Newsletter #14 2023 / Pānui-ā-Kura #14 2023 (1/09/2023)

Malo e lelei, mālō ni, talofa, kia orāna kōtou, kia ora koutou,

Pasifika greetings to start this newsletter. Why?  Next week is Tongan Language Week. Whilst it feels like there is a language week most weeks, what’s important is the realisation of the importance of maintaining and developing language.  Language intertwines with culture.  It is so important.  The theme of Tongan Language Week is ‘E tu’uloa ‘a e Lea faka-Tongá ‘o ka lea’aki ‘i ‘api, siasí (lotú), mo e nofo-‘a-kāingá.’  Speak Tongan at home, the Church and the community and it will be sustainable.  We hope you speak to and around your children in home languages if you have them.  It is also great for them to hear them around the community.

Where are all the teachers?
Mr Isherwood, Mrs Smart, Miss Tiatia and Miss Garbes were at Finlayson Park School on Thursday in Manurewa.  This school has strong bilingual units with Samoan, Tongan, Kiribati, and Māori (immersion and bilingual).  Their sign reads ‘Blessed to be Bilingual’ when you walk in the school.  They are visiting, Otahuhu School and Sutton Park School today to finish their journey.  We hope they have a great time tomorrow, get lots of ideas and we will see them on Monday!
Finlayson Park School pictures:

Otahuhu School:

Youth Group Years 7-8 (4.30pm-6pm)

This is Friday in the hall for students in years 7-8.  Remember to sign them in and leave a contact name in case of emergency.  Super fun!!!
Haere mai ki ēnei hōtaka āpōpō i roto i te hōro. Mō kā tau kura 5 ki 8. Maumaharatia te haina mai, te tāpiritia tētahi whakapā hai ohotata. Tino pārekareka!!!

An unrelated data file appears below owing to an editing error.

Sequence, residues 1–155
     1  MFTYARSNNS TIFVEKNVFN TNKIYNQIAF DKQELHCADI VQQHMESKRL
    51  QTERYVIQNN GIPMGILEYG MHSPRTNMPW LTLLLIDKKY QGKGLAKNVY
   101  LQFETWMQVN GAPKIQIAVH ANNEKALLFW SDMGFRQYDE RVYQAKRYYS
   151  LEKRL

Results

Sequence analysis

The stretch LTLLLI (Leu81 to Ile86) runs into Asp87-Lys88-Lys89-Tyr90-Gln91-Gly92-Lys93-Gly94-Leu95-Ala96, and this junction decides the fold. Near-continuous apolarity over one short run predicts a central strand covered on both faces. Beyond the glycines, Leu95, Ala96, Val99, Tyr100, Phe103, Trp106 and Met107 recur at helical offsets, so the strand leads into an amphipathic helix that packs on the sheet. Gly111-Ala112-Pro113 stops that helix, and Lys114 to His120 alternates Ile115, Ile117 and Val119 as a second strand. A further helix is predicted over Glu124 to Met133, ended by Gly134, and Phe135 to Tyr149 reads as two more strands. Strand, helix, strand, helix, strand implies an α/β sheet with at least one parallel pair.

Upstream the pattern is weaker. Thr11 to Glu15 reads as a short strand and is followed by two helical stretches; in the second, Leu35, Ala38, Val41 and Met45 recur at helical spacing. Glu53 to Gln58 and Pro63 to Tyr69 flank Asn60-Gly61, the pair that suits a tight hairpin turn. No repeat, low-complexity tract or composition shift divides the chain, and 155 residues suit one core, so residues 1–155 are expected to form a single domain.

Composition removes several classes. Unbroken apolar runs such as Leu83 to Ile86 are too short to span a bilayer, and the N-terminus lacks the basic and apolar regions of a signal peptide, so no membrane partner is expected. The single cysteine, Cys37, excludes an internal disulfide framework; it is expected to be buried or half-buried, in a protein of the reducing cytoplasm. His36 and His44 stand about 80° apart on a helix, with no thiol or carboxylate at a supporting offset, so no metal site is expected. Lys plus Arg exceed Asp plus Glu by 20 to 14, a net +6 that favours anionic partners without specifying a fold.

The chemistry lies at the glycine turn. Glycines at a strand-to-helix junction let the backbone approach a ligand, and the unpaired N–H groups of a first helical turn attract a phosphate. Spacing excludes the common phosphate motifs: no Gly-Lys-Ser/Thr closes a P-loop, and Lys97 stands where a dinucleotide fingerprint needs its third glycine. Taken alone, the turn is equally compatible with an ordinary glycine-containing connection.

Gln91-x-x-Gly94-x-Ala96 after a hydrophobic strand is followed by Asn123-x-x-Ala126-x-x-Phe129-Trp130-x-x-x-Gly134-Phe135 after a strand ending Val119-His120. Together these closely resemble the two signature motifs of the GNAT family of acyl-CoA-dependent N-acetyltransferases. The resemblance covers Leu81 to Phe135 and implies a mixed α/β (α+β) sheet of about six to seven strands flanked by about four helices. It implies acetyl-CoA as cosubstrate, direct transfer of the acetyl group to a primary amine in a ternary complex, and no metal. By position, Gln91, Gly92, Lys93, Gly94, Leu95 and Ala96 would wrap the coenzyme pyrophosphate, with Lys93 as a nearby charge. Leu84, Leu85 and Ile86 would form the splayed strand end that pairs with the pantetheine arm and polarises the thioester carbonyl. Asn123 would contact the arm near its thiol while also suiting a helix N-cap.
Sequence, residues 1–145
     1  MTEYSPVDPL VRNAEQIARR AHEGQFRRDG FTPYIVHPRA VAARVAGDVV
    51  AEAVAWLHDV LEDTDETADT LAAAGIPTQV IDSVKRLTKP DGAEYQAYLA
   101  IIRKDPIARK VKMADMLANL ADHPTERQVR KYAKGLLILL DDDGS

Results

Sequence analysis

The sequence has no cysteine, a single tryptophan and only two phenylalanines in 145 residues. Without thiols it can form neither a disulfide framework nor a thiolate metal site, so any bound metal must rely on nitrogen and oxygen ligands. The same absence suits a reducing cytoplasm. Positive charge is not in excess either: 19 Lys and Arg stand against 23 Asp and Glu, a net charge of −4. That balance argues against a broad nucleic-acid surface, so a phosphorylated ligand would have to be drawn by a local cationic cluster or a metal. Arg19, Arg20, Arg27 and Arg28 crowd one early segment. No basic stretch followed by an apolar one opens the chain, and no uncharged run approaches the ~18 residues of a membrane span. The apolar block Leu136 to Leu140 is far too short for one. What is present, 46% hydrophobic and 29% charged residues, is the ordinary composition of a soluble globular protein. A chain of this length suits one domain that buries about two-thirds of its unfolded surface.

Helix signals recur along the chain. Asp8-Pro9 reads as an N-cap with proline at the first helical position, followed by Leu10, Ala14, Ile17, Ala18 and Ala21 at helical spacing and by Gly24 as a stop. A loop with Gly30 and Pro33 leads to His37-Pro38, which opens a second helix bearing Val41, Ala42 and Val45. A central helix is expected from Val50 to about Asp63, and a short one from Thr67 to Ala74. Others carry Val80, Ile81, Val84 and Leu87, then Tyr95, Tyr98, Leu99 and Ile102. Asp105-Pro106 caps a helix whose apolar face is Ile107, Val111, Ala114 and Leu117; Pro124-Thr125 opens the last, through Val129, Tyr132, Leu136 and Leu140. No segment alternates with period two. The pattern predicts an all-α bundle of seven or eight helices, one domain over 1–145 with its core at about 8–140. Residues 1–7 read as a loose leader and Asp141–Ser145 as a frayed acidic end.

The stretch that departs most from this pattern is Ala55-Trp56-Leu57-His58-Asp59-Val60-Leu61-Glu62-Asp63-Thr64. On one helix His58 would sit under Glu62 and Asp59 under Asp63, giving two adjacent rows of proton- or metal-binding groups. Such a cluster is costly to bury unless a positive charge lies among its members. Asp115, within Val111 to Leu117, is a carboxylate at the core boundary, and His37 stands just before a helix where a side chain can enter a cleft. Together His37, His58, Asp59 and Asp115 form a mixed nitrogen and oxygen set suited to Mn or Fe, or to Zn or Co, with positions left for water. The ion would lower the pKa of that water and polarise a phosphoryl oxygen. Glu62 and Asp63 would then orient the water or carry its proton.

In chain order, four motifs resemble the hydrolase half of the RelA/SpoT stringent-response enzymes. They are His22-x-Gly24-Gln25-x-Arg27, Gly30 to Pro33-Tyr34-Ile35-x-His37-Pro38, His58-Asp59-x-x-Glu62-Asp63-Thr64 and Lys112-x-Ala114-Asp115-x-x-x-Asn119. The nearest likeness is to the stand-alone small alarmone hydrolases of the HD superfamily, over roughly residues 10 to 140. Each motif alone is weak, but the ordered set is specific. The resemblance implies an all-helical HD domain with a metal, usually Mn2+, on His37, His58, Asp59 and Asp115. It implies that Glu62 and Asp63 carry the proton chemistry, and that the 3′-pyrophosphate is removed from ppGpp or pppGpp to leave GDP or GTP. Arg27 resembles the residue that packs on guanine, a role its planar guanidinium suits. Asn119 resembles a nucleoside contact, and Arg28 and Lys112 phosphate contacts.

Filipino Languages and Culture Week
What a day on Friday (last week)!  So much fun.  Thanks Chef Astig for the great food and to all the parents who helped out.  So proud of the performers and students.
Kātahi te rā i te Paraire (i tērā wiki)! He nui te pārekareka. E rere atu ana te mihi ki Chef Astig i te kai reka, ki kā mātua i te āwhina hoki. Kai te tino whakahī au nā kā kaikanikani, kā kaiwaiata, kā tauira hoki.
It was great to show the links via the map of the Philippines in the entrance.  Families brought in photos and let us know their whakapapa links, we webbed it up.  It was awesome that the Filipino community within our school designed the entrance for us, organised and taught the dances, and made food for our children.  The value and all helping out really makes things happen in a small(ish) school.  He mihi ka tika to Susan Oh Pimentel who led the charge and also Jobelle from Euphoria Dance Studio for teaching one of the dances.  Please come along to the cultural festival and see it complete!  Well done to our students who went around teaching some language and culture each day and Mr Ish for organising.  A picture of a Filipino student teaching below.
Here is my speech for those that were not here and are interested:

Where do you come from? 

In NZ, often people get asked this. Some people are sad when they are asked it because although they are New Zealanders, with accents and different appearance to the majority, they don’t feel like New Zealanders.
I think we all need to take a different approach and have a different reaction to this question.

When Māori are asked where they are from, they answer the iwi or iwis they belong to. This is to help connections and iwi move, Māori didn’t start here, they traveled here like every single one of our ancestors. After this, Māori might say where they were born and then where they now live. This is normal. It is a story of how you came to be right where you stand (or sit).

When I am asked ‘Nō hea koe?’ which is, where are you from? My reply is, my ancestors were mainly from Ireland, England, the Cook Islands and Scotland. I was born in Dunedin but Christchurch is my home now.